The Cunning Little Vixen – Opera in three Acts to a libretto by the composer after the newspaper serialised cartoon by Rudolf Tesnohlidek [sung in an English translation by Norman Tucker and performed in a reduced orchestration by Jonathan Dove]
Forester – Kieran Rayner
Vixen Sharp Ears – Hazel McBain
Forester’s wife / Owl – Maria Hughes
Lapák, the dog / Woodpecker – Ailsa Mainwaring
Pepik and Frantik (the Forester’s sons) – Rebecca Silverman & Heulen Synfall
Rooster / Jay – Joanna Norman
Chief Hen – Susanna Buckle
Parson / Badger – Ashley Mercer
Schoolmaster / Mosquito – William Wallace
Pásek, the innkeeper – Kenneth Reid
Golden Mane, a fox – Katie Coventry
Harasta, a poacher – Simon Tournier
Stuart Barker – Director
Simon Bejer – Set, Costume & Puppet Designer
Mandy Demetriou – Choreographer
David Howe – Lighting Designer
Reviewed by: Peter Reed
Reviewed: 5 September, 2015
Venue: Peacock Theatre, Portugal Street, Holborn, London WC2
It’s a marvel that a 1920s’ Czech newspaper cartoon strip about a fox still has so much to tell us about life’s joys and disappointments. I wonder if any British composer ever harboured similar designs on, say, Rupert Bear. Not surprisingly, Janáček’s magical opera has been staged before by British Youth Opera – there is a generous roster of roles to give the postgraduate singers a fair hearing, plus lots of action for chickens, fox-cubs and other livestock.
Last year BYO fielded only one opera, but this year the company is presenting three (with Vaughan Williams’s Riders to the Sea and Holst’s Savitri as a double-bill), which would have greatly pleased BYO’s founder Denis Hoe, who died earlier this year.
The most satisfying productions of The Cunning Little Vixen are those where the humans’ separation from nature is something they/we are subliminally aware of – hence the nostalgia and sadness of the Priest and the Schoolteacher who are nagged by something continually out of reach. Director Stuart Barker has defined the divide strongly. The Forester, Priest and Schoolteacher all have grey-white faces and commiserate with each over their unfulfilled lives as they get sozzled in their monochrome bar. It was unambiguous but a bit simplistic – surely the Forester is more in-tune with nature than the other humans.
In all other respects, though, the staging had style and focus. Apart from a felled tree-trunk, there wasn’t much of a set, giving designer Simon Beyer a free hand to fill the Peacock Theatre’s large stage with vividly imagined puppets for the frog and the insects (all of them with sinister human faces) and trim 1940s’ costumes for the animals suggesting a very orderly society. David Howe’s lighting and the bowler-hatted Magritte-style stagehands operating the puppets and cut-out trees, created a dreamy surrealism, and the all-important cycle of the year’s seasons was made abundantly clear. Perhaps Barker overplayed the anthropomorphic cuteness, but the animals still affirmed life while the pasty humans made a good job of denying it.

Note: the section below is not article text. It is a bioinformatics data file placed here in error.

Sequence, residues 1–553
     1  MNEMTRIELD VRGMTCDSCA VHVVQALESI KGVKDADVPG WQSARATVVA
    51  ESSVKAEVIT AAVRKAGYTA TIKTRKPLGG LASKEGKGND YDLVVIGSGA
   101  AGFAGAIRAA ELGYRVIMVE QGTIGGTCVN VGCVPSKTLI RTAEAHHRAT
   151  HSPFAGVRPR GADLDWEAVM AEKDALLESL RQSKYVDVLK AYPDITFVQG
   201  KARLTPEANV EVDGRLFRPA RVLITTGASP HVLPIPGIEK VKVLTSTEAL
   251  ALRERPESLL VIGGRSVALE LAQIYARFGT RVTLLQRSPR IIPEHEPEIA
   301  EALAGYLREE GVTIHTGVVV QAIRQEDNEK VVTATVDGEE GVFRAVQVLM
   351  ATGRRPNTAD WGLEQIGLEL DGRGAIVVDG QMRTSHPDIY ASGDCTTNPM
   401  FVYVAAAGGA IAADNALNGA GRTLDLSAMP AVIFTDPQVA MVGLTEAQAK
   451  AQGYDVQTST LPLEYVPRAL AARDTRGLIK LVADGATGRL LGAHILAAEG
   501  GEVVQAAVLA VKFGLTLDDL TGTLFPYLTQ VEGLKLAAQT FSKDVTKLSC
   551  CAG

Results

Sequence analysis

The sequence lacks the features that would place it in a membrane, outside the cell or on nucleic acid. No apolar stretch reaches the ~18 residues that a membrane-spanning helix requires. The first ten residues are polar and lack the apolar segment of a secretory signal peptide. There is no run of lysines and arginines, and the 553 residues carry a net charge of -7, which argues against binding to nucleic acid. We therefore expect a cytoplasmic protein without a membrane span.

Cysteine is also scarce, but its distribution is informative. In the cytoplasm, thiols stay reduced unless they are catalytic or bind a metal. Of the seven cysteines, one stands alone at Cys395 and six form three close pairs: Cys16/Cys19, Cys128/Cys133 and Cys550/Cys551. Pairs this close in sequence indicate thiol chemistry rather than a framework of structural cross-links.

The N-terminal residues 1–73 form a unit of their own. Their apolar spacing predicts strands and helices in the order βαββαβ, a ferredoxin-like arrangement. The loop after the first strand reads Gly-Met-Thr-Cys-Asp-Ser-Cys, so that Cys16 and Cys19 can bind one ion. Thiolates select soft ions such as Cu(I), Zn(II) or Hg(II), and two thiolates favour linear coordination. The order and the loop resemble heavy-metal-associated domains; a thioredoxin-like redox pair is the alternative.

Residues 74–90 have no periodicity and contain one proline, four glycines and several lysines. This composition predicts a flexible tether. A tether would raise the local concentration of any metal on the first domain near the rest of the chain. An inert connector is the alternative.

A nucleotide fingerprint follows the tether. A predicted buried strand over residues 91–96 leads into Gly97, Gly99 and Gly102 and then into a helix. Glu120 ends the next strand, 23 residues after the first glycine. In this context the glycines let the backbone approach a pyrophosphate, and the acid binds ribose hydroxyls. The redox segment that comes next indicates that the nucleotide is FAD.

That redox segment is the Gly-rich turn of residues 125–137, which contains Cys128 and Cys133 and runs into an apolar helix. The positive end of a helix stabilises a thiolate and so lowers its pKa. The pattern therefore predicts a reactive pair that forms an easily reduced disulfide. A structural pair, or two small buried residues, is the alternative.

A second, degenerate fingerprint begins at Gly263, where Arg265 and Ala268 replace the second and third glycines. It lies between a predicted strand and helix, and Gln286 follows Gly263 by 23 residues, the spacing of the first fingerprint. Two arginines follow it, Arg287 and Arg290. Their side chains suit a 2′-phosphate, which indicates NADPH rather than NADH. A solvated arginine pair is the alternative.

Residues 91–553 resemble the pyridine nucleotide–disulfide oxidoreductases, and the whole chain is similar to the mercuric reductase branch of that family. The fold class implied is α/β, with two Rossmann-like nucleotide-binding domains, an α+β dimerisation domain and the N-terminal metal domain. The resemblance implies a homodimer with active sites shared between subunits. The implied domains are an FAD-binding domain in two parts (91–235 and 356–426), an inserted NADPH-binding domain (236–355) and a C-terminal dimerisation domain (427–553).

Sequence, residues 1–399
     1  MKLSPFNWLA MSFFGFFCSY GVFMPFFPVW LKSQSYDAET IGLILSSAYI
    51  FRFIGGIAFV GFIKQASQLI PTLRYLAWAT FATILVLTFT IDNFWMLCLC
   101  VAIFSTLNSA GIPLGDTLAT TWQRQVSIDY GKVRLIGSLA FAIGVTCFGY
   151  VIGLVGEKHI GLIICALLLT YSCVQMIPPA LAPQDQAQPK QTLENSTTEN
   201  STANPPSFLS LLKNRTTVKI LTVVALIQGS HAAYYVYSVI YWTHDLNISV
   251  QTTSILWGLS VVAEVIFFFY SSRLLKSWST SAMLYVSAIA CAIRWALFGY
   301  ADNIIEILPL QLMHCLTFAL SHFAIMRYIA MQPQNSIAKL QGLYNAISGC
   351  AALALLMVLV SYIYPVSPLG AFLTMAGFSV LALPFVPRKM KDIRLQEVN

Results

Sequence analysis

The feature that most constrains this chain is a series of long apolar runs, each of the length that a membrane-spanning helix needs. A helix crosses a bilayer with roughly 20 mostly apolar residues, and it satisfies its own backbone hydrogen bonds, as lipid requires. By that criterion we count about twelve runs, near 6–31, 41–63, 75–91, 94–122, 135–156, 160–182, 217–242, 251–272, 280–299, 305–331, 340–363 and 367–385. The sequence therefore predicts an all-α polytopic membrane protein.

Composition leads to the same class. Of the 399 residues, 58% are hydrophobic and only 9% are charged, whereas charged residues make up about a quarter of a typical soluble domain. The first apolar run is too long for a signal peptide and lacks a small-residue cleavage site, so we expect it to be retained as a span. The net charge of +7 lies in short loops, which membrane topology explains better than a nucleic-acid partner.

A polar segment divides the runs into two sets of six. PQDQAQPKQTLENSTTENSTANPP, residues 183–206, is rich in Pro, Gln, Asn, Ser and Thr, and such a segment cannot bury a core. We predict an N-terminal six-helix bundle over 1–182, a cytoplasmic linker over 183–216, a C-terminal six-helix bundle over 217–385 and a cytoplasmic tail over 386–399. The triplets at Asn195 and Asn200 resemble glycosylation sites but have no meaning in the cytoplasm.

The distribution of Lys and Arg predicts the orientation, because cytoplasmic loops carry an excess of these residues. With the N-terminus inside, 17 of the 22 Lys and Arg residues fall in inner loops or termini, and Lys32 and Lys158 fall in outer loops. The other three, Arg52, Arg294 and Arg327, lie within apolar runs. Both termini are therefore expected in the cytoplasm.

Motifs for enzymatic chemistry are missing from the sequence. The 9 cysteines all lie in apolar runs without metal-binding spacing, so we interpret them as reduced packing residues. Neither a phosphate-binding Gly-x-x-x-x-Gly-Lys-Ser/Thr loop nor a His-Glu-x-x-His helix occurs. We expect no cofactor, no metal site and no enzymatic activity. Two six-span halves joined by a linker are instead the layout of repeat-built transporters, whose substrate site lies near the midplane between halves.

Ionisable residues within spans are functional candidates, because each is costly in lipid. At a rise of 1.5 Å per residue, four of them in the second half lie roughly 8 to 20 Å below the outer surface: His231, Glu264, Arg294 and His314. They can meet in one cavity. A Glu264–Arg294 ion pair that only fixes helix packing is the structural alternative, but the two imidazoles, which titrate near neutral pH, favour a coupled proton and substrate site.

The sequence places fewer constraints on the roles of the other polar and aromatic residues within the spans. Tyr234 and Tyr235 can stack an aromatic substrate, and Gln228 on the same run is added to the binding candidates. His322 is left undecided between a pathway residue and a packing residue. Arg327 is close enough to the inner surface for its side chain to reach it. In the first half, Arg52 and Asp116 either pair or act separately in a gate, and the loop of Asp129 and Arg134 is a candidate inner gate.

The point was affirmed by Hazel McBain’s Vixen and Kate Coventry’s Golden Mane. Both singers had the measure of Janáček’s explosive lyricism, and you could hear how most of the translation meshed in with the angularities of the vocal line. There was an alluring, Sheridan Smith-type glamour to McBain’s Vixen, and she proved to be a neat mover in her choreographed dream and death sequences. She was well matched by Katie Coventry’s powerfully sung Golden Mane, and her cool, James Dean persona went a long way to making his wooing and the ensuing shotgun-wedding the highpoint of the show.
Kieran Rayner had the right brand of rough, kind pragmatism for the Forester, and his sour relationship with his wife (a pointed performance from Maria Hughes) made a telling contrast with the two foxes. Rayner’s characterisation was skillfully observed, although he didn’t quite muster the vocal openness and authority for the Forester’s paean to nature that wraps up the opera. Joanna Norma’s Rooster and Susanna Buckle’s Chief Hen vividly put the conjugal into rights, and William Wallace and Ashley Mercer (respectively Schoolmaster and Priest) summed up the human burden of missed opportunity with some eloquent singing. Simon Tournier briefly stole the show as the Poacher, significantly the only human without white-face make-up.
Lionel Friend and the Southbank Sinfonia made a virtue of Jonathan Dove’s clever reduced orchestration (with accordion and organ adding weight) and were true to the music’s rapid changes of mood and flow. There are only two more opportunities (8th and 11th) to catch this imaginative, well-performed production.